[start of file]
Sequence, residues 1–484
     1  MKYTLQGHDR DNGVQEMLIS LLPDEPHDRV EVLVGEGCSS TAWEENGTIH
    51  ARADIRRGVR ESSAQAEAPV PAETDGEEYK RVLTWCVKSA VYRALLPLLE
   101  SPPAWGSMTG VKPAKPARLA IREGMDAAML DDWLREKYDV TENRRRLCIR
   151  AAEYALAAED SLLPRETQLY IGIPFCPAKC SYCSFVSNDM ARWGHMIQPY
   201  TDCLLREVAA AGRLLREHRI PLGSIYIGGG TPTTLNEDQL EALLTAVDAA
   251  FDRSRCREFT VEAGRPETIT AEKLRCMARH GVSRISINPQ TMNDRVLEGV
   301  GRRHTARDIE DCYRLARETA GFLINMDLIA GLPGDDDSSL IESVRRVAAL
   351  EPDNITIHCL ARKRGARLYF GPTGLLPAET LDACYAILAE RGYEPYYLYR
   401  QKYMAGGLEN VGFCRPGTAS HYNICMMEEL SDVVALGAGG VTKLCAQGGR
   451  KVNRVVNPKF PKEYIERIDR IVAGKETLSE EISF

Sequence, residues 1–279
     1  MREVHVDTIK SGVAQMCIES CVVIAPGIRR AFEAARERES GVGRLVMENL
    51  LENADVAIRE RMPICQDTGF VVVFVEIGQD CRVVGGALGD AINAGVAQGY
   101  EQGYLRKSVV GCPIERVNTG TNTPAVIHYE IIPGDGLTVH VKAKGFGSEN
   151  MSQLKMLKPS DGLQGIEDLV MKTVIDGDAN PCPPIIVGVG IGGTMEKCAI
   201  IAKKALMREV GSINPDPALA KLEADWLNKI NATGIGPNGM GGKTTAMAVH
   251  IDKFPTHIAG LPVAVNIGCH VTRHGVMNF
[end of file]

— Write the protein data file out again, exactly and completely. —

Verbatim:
Sequence, residues 1–484
     1  MKYTLQGHDR DNGVQEMLIS LLPDEPHDRV EVLVGEGCSS TAWEENGTIH
    51  ARADIRRGVR ESSAQAEAPV PAETDGEEYK RVLTWCVKSA VYRALLPLLE
   101  SPPAWGSMTG VKPAKPARLA IREGMDAAML DDWLREKYDV TENRRRLCIR
   151  AAEYALAAED SLLPRETQLY IGIPFCPAKC SYCSFVSNDM ARWGHMIQPY
   201  TDCLLREVAA AGRLLREHRI PLGSIYIGGG TPTTLNEDQL EALLTAVDAA
   251  FDRSRCREFT VEAGRPETIT AEKLRCMARH GVSRISINPQ TMNDRVLEGV
   301  GRRHTARDIE DCYRLARETA GFLINMDLIA GLPGDDDSSL IESVRRVAAL
   351  EPDNITIHCL ARKRGARLYF GPTGLLPAET LDACYAILAE RGYEPYYLYR
   401  QKYMAGGLEN VGFCRPGTAS HYNICMMEEL SDVVALGAGG VTKLCAQGGR
   451  KVNRVVNPKF PKEYIERIDR IVAGKETLSE EISF

Sequence, residues 1–279
     1  MREVHVDTIK SGVAQMCIES CVVIAPGIRR AFEAARERES GVGRLVMENL
    51  LENADVAIRE RMPICQDTGF VVVFVEIGQD CRVVGGALGD AINAGVAQGY
   101  EQGYLRKSVV GCPIERVNTG TNTPAVIHYE IIPGDGLTVH VKAKGFGSEN
   151  MSQLKMLKPS DGLQGIEDLV MKTVIDGDAN PCPPIIVGVG IGGTMEKCAI
   201  IAKKALMREV GSINPDPALA KLEADWLNKI NATGIGPNGM GGKTTAMAVH
   251  IDKFPTHIAG LPVAVNIGCH VTRHGVMNF